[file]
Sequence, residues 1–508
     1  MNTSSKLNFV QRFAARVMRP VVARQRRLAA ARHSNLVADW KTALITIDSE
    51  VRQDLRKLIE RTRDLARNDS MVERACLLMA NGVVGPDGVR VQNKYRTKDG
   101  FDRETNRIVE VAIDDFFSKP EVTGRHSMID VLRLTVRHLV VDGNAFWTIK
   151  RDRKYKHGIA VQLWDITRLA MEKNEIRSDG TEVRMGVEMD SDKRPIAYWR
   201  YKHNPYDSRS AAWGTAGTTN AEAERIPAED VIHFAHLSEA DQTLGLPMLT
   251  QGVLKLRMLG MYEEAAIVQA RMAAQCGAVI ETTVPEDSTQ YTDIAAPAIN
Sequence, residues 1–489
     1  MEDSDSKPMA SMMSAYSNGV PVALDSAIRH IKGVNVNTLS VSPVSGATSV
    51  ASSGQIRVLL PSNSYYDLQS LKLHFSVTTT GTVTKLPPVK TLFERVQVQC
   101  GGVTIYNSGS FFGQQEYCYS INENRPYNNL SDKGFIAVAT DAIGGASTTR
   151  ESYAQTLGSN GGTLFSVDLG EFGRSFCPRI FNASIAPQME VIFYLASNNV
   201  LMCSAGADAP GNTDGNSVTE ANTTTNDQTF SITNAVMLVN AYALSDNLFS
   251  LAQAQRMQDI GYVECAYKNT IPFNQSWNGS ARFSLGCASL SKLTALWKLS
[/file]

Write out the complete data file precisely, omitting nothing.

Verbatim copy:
Sequence, residues 1–508
     1  MNTSSKLNFV QRFAARVMRP VVARQRRLAA ARHSNLVADW KTALITIDSE
    51  VRQDLRKLIE RTRDLARNDS MVERACLLMA NGVVGPDGVR VQNKYRTKDG
   101  FDRETNRIVE VAIDDFFSKP EVTGRHSMID VLRLTVRHLV VDGNAFWTIK
   151  RDRKYKHGIA VQLWDITRLA MEKNEIRSDG TEVRMGVEMD SDKRPIAYWR
   201  YKHNPYDSRS AAWGTAGTTN AEAERIPAED VIHFAHLSEA DQTLGLPMLT
   251  QGVLKLRMLG MYEEAAIVQA RMAAQCGAVI ETTVPEDSTQ YTDIAAPAIN
Sequence, residues 1–489
     1  MEDSDSKPMA SMMSAYSNGV PVALDSAIRH IKGVNVNTLS VSPVSGATSV
    51  ASSGQIRVLL PSNSYYDLQS LKLHFSVTTT GTVTKLPPVK TLFERVQVQC
   101  GGVTIYNSGS FFGQQEYCYS INENRPYNNL SDKGFIAVAT DAIGGASTTR
   151  ESYAQTLGSN GGTLFSVDLG EFGRSFCPRI FNASIAPQME VIFYLASNNV
   201  LMCSAGADAP GNTDGNSVTE ANTTTNDQTF SITNAVMLVN AYALSDNLFS
   251  LAQAQRMQDI GYVECAYKNT IPFNQSWNGS ARFSLGCASL SKLTALWKLS